AU-EU Summit: for African Diaspora Youth it’s time to take action

by Karen Kaneza

VIDC online magazine Spotlight

This article was published in the VIDC online magazine Spotlight December 2021. If you want to receive the quarterly Spotlight, invitations and documentations please subscribe here.


Karen Kaneza is the Co-chair of ADYFE, the African Diaspora Youth in Europe and the Vice-President of the Board of Trustees of ADEPT, the Africa-Europe Diaspora Development Platform. She holds a master degree in political sciences/international relations from the Université Libre de Bruxelles and has Burundian origins.



The 6th Heads of State Summit of the African Union (AU) and the European Union (EU) will take place in February 2022, the youth intend to take an active and vocal place in the process. Youth Summits/Meetings have been always held weeks before the Head of State Summits took place. 

A pivotal moment: Abidjan Youth Summit in 2017 - designing the Youth Agenda

Together, African, European and Diaspora youth, aimed at highlighting the role they played in the economic and social development of young people in both continents. In Abidjan, “Investing in Youth for Accelerated Inclusive Growth and Sustainable Development” was seen as a necessary condition to build a sustainable future. This involved, working collectively towards the issues preventing progress within our interconnected societies and moving forward together. 
The "Abidjan Declaration" written by youth organizations gave several recommendations to the African and European heads of states urging them to invest in youth in order to guarantee a sustainable environment for generations to come.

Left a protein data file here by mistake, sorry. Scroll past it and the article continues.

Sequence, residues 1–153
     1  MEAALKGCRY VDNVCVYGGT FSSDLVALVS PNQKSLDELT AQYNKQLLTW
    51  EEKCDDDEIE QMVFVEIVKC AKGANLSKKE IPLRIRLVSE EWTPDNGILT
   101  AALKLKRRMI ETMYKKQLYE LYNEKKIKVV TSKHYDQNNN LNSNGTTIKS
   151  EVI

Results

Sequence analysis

Strategic themes were developed in order to provide a "roadmap" and a sort of compass for African and European leaders. Our remarks were well welcomed resulting in the creation of a follow-up program: the Youth-Plug In, that gave 36 Youth Summit participants the possibility to continue working in clusters on priority topics. This process birthed a specific fund for youth organizations on both continents. However, as the funding is not accessible for all youth organizations, a respective adaptation of this fund is necessary.

Youth inclusion in the new AU-EU partnership

In the Joint Communication to the European Parliament and the Council of Europe presenting the 6th Heads of State Summit emphasis was also placed on youth and the large catalysts for youth development: education and employment. 
In order to further youth inclusion in the processes implemented for the new partnership between the AU and EU, the best strategy would be to find a structural way to pivot from the Abidjan Youth Summit outcomes. We need to advocate for the three youth (European, African and Diaspora) to be given the opportunity, spaces, and funding to work on common projects permanently and on a long-term basis. This would allow youth organizations to improve their collaboration, to reach impactful results and to become efficient actors in the AU-EU partnership.

Youth Dialogue Spaces on both continents

The upcoming AU-EU Summit is strategic and it takes place in an unprecedented and challenging environment. The African Diaspora Youth Forum in Europe (ADYFE) recommends that Youth Dialogue Spaces on both continents should be created and an adequate, long-term funding should be provided. Thereby youth organizations could be involved in the AU und the EU process permanently. We believe that expanding our joint projects outside of the summits is one of the keys to introduce our own youth agenda. Youth organizations should be active participants in discussions regarding today’s challenges.